Stephen M. Walt

10 Things World Leaders Are Thankful For

Why Angela Merkel is thinking of France, Khamenei is grateful for Lindsey Graham, and why China isn’t disappointed the United States is back in Iraq.

The United States isn't the only country that devotes a holiday to giving thanks, yet it still feels like a quintessentially American celebration. It starts with a feel-good story about cooperation between the Pilgrims and the local tribes back in 1621, a tale more pleasant to contemplate than the subsequent treatment of the native population by their European conquerors. Most of the day focuses on eating too much -- an art form America seems to have perfected. And what could be more American than a holiday whose date was chosen in part to extend the shopping season and boost the economy?

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The Top 5 Foreign Policy Lessons of the Past 20 Years

From Russia to China to the United States, from hubris to ultimatums to power plays, the good, the bad, and the ugly of (recent) world politics. 

Tell me, friend: Do you find the current world situation confusing? Are you having trouble sorting through the bewildering array of alarums, provocations, reassurances, and trite nostrums offered up by pundits and politicos? Can't tell if the glass is half-full and rising or half-empty, cracked, and leaking water fast? Not sure if you should go long on precious metals and stock up on fresh water, ammo, and canned goods, or go big into equities and assume that everything will work out in the long run?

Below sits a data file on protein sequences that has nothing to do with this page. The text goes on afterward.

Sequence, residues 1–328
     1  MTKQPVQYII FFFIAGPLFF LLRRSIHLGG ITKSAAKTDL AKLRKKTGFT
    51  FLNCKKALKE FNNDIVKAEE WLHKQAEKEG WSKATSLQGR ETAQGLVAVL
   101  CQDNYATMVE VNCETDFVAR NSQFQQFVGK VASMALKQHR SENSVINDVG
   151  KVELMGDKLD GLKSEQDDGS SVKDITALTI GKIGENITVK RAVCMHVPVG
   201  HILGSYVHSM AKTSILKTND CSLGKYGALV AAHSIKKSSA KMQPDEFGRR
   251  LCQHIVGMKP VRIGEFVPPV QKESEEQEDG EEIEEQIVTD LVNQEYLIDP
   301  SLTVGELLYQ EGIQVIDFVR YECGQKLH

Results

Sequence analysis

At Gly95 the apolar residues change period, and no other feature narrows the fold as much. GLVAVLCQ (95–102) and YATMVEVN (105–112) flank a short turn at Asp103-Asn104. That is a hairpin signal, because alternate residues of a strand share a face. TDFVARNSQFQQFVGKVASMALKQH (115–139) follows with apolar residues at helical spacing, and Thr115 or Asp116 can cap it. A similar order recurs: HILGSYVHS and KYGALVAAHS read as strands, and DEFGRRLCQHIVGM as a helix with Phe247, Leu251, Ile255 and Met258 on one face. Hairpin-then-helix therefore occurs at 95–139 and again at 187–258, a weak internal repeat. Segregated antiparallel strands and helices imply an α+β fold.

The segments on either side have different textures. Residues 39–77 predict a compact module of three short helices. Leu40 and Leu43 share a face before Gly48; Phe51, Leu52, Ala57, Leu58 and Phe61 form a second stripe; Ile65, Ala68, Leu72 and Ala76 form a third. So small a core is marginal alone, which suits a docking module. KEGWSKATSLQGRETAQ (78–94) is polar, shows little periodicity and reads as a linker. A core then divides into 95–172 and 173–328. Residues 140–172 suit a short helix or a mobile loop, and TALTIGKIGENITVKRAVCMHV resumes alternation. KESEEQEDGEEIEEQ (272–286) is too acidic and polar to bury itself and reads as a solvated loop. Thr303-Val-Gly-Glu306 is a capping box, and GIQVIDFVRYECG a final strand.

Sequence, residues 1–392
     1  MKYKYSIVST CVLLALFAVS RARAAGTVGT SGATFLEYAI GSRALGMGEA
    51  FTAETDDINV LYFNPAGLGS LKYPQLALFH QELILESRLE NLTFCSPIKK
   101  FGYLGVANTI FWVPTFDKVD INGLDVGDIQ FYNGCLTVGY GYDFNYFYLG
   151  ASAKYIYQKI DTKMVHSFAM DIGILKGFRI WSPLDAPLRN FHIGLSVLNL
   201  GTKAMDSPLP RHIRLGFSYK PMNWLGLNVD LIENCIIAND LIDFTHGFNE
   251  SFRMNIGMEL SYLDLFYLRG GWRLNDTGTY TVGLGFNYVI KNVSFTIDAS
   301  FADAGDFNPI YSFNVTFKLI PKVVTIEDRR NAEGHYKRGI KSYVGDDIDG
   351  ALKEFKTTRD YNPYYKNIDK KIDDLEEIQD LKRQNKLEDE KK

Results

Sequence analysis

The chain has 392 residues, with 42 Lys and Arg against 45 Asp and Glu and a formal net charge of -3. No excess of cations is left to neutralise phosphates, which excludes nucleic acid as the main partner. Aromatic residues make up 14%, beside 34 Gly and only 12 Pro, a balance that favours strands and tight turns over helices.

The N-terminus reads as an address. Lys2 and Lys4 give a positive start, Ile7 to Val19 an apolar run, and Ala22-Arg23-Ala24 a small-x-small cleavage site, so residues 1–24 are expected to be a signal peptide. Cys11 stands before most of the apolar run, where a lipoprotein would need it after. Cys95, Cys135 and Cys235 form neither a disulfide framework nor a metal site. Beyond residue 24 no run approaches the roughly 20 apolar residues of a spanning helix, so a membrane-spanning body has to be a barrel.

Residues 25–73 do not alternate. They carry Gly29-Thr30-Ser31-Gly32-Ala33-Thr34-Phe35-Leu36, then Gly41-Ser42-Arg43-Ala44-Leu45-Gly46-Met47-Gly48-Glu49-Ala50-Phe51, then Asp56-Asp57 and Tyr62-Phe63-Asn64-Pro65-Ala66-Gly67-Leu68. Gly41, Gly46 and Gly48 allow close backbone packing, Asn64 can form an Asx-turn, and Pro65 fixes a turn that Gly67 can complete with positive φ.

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The Big Counterterrorism Counterfactual

Is the NSA actually making us worse at fighting terrorism? 

The head of the British electronic spy agency GCHQ, Robert Hannigan, created a minor flap last week in an article he wrote for the Financial Times. In effect, Hannigan argued that more robust encryption procedures by private Internet companies were unwittingly aiding terrorists such as the Islamic State (IS) or al Qaeda, by making it harder for organizations like the NSA and GCHQ to monitor online traffic. The implication was clear: The more that our personal privacy is respected and protected, the greater the danger we will face from evildoers.

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Netanyahu's Not Chickenshit, the White House Is

The administration is a coward for not saying what it really thinks about the special relationship with Israel.

I've been reluctant to say much about this week's tempest in a teapot -- i.e., the U.S.-Israeli flap over "chickenshit-gate" -- because the flap itself is of little strategic importance.

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Keep Calm and Carry On, Stephen Harper

Doubling down on counterterrorism at home and abroad won’t make Canada a safer place.

The attack on the Canadian Parliament building on Wednesday raises familiar questions about how democratic leaders should respond to such events. The death of a Canadian soldier demands a respectful mourning, but the broader issue is how this event should be understood and how Canada's government and society should react. Will the attack be met with calm resolution -- as one might expect after a damaging flood, a destructive tornado, or a tragic fire -- or will the fact that the attack is an act of "terror" reinforce the paranoia and "clash of civilizations" worldview that has warped the West's response ever since 9/11?

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